About Jim Brady
James Buchanan Brady, better known as “Diamond Jim” was born August 19, 1856 over a saloon owned by his father, Daniel, at the corner of Cedar and West Streets on the lower west side of Manhattan. His mother and father had fled Ireland in the 1840s during which time a million and a half of their countrymen had died of starvation and another million had emigrated.
In spite of his humble beginnings, young Jim Brady quickly amassed a fortune during the boom years of the 1880s mainly by selling equipment to an expanding railroad industry. His unique sense of style, his winning charm and his constant pursuit of pleasure reflected the mood of an era which was to become forever legendary as the Gay 90s and as his fortune kept pace with his ever increasing appetite for the finer things in life, Jim Brady soon emerged as the most flamboyant man-about-town in New York society at the turn of the century.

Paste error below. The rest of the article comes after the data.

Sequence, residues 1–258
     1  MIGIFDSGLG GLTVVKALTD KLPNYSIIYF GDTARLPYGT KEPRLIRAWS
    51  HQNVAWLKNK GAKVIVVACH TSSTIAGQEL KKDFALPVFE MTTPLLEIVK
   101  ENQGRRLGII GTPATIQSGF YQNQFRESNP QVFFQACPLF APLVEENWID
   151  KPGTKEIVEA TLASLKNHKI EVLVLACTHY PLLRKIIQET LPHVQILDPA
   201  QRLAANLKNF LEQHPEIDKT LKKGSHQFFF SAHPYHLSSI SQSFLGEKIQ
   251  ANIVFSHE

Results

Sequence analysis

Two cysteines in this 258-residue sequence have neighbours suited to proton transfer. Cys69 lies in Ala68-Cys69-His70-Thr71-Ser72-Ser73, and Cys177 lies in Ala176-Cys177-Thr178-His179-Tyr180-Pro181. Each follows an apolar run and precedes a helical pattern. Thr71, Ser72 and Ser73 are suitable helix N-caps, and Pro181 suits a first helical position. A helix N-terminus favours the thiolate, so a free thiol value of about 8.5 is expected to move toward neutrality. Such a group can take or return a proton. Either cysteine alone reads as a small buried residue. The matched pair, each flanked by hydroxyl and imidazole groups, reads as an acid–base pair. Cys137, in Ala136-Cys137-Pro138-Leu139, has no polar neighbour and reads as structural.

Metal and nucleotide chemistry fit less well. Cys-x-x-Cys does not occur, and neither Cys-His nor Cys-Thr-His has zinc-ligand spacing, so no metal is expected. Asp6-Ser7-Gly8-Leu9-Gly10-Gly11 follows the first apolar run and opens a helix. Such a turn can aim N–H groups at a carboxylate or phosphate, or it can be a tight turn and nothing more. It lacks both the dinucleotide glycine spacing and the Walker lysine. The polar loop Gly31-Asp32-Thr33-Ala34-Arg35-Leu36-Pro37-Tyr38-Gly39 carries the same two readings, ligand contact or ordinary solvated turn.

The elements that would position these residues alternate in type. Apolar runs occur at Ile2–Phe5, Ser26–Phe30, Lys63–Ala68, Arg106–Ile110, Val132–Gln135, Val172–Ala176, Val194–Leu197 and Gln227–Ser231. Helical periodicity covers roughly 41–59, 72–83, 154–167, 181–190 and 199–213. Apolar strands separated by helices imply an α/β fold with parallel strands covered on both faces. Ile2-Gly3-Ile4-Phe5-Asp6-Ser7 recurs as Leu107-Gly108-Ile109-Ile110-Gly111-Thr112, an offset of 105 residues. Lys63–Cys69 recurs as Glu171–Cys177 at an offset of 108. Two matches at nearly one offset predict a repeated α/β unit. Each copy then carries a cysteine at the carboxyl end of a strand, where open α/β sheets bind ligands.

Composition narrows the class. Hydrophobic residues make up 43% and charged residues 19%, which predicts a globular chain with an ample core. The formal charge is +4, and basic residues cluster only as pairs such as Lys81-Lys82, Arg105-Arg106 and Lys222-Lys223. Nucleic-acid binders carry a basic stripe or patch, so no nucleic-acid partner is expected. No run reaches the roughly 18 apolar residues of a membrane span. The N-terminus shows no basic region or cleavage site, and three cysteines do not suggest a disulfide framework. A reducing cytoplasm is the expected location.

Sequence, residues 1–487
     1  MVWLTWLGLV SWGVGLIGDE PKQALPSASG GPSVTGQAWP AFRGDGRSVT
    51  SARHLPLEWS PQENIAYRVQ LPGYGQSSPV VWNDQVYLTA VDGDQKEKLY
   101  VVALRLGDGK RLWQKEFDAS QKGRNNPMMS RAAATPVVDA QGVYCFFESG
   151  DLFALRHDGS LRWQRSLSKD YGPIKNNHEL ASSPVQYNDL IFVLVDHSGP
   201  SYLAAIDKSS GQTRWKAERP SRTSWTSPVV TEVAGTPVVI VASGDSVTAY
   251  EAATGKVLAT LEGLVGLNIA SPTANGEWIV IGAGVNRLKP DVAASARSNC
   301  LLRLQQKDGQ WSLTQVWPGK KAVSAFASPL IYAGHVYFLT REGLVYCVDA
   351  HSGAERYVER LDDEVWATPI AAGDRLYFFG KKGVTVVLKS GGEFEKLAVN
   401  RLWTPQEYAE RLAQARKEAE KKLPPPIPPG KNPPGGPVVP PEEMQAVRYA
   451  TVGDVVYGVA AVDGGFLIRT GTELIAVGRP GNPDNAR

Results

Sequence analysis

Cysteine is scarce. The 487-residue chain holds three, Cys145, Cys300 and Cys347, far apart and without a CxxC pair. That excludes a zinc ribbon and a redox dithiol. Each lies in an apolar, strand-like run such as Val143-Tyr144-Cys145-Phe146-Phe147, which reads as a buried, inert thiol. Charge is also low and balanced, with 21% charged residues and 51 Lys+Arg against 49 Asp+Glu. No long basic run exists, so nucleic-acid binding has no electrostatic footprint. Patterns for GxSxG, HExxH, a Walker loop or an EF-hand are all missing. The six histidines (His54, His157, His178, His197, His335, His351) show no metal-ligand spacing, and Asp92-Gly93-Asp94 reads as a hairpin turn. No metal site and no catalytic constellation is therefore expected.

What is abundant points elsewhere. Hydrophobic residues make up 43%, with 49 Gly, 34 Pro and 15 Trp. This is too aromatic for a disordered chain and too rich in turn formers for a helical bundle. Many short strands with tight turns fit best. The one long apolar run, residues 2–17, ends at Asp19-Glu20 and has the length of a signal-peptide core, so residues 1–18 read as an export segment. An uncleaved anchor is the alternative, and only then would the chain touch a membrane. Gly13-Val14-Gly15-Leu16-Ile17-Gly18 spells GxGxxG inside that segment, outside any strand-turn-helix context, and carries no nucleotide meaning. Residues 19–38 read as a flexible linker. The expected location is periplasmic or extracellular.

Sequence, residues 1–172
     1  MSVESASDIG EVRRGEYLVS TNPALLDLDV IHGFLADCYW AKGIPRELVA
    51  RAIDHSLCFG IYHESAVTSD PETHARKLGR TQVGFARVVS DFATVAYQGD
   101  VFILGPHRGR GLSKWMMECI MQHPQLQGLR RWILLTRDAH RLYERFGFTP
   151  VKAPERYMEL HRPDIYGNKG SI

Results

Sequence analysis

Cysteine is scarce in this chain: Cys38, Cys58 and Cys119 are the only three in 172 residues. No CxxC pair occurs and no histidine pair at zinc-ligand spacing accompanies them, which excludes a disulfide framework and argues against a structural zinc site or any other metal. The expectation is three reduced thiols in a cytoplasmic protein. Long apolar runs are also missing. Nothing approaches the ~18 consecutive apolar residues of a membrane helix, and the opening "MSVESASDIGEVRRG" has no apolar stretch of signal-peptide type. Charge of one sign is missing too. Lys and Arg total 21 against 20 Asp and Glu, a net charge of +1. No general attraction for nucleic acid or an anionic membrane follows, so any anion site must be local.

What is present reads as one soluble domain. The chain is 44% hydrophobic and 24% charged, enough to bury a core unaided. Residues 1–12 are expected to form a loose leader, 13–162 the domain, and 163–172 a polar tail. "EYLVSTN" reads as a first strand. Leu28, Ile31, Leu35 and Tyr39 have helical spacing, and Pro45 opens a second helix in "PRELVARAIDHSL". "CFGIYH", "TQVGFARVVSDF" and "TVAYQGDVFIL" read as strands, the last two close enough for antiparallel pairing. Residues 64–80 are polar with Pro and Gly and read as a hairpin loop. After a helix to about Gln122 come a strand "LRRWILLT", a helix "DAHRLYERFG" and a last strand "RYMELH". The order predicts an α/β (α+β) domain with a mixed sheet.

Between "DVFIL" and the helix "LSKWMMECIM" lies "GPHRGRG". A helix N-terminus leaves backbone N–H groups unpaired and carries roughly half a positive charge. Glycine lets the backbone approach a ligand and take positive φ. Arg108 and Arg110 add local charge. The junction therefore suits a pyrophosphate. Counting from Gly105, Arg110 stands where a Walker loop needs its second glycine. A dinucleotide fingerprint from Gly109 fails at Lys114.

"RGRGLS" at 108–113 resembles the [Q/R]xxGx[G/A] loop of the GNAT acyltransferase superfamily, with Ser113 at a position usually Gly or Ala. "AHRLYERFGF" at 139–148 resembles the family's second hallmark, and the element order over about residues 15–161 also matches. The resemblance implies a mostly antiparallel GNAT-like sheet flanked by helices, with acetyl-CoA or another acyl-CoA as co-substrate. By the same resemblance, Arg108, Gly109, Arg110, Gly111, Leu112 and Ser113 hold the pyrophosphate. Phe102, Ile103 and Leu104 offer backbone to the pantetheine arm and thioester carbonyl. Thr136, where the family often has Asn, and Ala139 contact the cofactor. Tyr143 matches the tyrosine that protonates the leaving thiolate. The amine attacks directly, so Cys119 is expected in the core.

In appearance he was an imposing figure, his considerable stature enhanced by the best attire money could buy imported from Paris and London to his personal specifications; on his fingers an illumination of diamonds and on his arm the most beautiful women of the era, including the legendary Lillian Russell.
Whatever his movements the mood was extravagant and the proportions enormous. Never was it more pronounced than when he came to sit down at the table. Dinner might begin with a gallon of chilled orange juice and finish with five pounds of chocolates. In a saddle of mutton, a dozen Venison chops, a roasting chicken with caper sauce, two Canvasback ducks r mallards, pheasants or partridges and a twelve-egg soufflé.
In 1916 the New York Society of Restaurant owners gave a banquet for Diamond Jim, the best customer they ever had or ever would have.
Jim Brady died on April 13, 1917 and is buried at Greenwood Cemetery in Brooklyn, New York.